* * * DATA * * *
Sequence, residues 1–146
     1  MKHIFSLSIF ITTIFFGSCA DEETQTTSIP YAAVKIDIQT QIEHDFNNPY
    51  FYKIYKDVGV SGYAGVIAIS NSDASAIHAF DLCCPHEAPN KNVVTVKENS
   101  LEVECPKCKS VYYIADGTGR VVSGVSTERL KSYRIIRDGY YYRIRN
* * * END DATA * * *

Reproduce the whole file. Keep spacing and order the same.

Sequence, residues 1–146
     1  MKHIFSLSIF ITTIFFGSCA DEETQTTSIP YAAVKIDIQT QIEHDFNNPY
    51  FYKIYKDVGV SGYAGVIAIS NSDASAIHAF DLCCPHEAPN KNVVTVKENS
   101  LEVECPKCKS VYYIADGTGR VVSGVSTERL KSYRIIRDGY YYRIRN